With tourism accounting for around 15% of the Portuguese economy, the country is also among those in favour of vaccination passports. While its links to Brazil helped to put the country onto the ‘red list’, to avoid spread of that variant, it’s hoping for restrictions to lift by summer after closing its borders. Madeira has also been named one of the safest destinations for 2021.

Where to go: The five-star Wyndham Grand Algarve relaunches this year after a £4.3 million renovation. With 132 suites, a spa and five places to eat at the resort in Quinta do Lago, there’s also a kids’ club and golf nearby, plus a beach within walking distance. Rooms from around £260 per night.

Or look north to Porto, where the Palacio de Canavezes is opening in the Douro Valley. Set in a historic palace hotel built in the early 1900s, there are thermal waters to discover as well as the area’s wine. You’re also a short drive from Braga, nicknamed the Portuguese Rome, voted the 2021 European Best Destination by travellers from around the world. Rates to be confirmed.

Israel and more

With Israel’s own vaccination programme ahead of the rest of the world, the country is set to be a popular choice as restrictions relax, while Cyprus will welcome vaccinated Britsfrom May.

And the president of the Croatian Tourism Association, Veljko Ostojic, has said he expects tourism to start recovering in the second quarter, so it’s another possibility for later in the year.

Don’t rule out Turkey yet either, although it’s too soon to say for sure. Trips to Italy and France look less promising for now — neither country has plans for a vaccine passport.

Long-haul travel

There’s still far more of a question mark over long-haul travel. Australia is likely to be closed to tourists until at least early 2022, while the USA is also banning British travellers.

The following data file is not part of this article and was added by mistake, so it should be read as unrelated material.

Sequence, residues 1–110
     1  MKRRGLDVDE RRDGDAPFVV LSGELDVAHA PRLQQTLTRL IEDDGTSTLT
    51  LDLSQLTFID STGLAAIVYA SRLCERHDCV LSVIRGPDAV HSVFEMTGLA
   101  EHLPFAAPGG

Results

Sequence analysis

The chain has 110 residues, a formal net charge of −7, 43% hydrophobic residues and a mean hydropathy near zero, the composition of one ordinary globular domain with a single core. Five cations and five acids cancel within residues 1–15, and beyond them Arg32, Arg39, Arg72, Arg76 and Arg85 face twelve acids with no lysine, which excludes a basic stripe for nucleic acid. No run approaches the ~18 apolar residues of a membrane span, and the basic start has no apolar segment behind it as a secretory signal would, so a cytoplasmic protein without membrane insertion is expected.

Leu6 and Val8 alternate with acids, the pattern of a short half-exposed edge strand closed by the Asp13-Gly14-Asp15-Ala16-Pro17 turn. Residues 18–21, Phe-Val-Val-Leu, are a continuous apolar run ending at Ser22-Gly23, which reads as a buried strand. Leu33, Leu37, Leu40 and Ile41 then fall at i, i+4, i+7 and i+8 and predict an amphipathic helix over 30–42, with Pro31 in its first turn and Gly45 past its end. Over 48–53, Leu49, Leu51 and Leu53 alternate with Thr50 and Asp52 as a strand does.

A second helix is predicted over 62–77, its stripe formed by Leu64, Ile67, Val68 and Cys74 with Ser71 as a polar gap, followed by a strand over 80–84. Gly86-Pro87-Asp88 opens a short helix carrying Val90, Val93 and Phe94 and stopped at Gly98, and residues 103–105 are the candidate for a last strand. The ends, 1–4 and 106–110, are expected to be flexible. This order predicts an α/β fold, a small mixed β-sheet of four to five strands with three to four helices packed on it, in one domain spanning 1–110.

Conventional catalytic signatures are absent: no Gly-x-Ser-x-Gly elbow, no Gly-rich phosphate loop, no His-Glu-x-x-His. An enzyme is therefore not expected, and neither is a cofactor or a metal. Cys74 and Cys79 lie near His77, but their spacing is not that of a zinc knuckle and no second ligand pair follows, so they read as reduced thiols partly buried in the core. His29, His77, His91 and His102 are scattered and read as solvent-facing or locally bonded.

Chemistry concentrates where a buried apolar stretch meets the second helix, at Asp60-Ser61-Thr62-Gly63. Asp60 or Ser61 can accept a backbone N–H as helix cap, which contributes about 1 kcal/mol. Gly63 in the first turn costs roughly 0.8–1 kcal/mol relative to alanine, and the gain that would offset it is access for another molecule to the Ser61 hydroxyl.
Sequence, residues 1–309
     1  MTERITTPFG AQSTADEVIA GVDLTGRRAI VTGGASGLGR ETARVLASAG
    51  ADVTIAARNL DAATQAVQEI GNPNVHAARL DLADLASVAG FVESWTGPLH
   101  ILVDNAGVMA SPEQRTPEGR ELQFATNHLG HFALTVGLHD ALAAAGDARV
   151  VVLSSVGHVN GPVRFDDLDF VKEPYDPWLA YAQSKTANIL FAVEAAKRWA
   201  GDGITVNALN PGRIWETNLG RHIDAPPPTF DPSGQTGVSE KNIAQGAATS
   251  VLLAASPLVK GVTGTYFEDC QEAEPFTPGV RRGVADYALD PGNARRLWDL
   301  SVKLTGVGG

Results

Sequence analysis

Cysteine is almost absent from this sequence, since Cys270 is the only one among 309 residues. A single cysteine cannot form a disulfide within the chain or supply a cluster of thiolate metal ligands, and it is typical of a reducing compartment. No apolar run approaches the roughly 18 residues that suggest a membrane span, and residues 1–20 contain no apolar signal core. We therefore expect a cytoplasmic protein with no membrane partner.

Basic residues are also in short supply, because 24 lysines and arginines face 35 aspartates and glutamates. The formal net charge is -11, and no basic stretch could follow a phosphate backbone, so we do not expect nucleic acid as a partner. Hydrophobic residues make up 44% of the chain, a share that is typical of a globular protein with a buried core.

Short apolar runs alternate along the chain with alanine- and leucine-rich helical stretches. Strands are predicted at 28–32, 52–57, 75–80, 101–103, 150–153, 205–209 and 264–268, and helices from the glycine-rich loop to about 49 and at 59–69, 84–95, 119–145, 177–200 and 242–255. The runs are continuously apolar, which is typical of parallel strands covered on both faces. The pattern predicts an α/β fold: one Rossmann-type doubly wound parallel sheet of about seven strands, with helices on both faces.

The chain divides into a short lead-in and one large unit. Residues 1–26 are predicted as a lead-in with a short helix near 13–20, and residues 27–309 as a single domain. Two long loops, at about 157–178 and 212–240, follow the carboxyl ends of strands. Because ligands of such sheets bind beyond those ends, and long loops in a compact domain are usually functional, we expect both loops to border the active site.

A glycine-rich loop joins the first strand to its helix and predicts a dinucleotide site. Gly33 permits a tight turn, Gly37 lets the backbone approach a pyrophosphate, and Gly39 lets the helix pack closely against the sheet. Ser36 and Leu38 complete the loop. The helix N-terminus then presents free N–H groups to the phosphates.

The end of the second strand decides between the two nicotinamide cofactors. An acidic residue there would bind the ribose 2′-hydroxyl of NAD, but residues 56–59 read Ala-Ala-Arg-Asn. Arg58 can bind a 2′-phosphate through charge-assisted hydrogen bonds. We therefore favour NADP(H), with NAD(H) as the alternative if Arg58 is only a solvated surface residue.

For those craving a tropical island escape, there’s more optimism. The Seychelles has already reopened to visitors who have had both jabs, for travel two weeks after the second dose.

Currently you also need a negative Covid PCR test result to avoid quarantine, but these rules are expected to relax further this month as the islands’ own vaccination programme rolls out.

And a coalition of more than 20 travel firms has started a petition to Thailand’s government to reopen the country to vaccinated tourists from July, by which point Thailand’s own vulnerable citizens and hospitality staff should also have received the vaccine.

Things to Consider

  • Package holidays are safest: if the tour operator is forced to cancel because of travel restrictions or if the company goes bust, you are entitled to a full refund.
  • Booking direct can pay off, even if it costs more: some travellers found that using an online travel agent made it harder to get refunds.
  • Look at past refund history: while the law applies equally, certain companies stood out for good customer service and speedy refunds in 2020 — a poll of 27,000 holidaymakers by Money Saving Expert found Jet2, TUI, British Airways and easyJet were best for flight refunds, while the best firms for Covid-related refunds included Travel Counsellors and Hays Travel.
  • Know the flight refund rules: airlines are only obliged to offer refunds if they cancel flights, something which is less likely in 2021 than last year. If the flight operates and restrictions prevent you from flying, you’re unlikely to get your money back. Even with free date changes, you’ll need to pay the difference and flight prices may have risen dramatically.
  • Travel insurance flexibility: policies are now available with cover if you cancel following a positive Covid test, with some covering costs if you can’t go because you’ve been told to self-isolate. However, lockdowns are often excluded from claims.
  • What about quarantine? Even when overseas travel is permitted again, will the country you’re hoping to visit require you to quarantine for weeks — or will you need to do so on your return to the UK? While many adults will have had at least one vaccination by mid-May, far fewer will have had both doses before the summer holidays — and children are still likely to face tests. So make sure you do your homework before you book.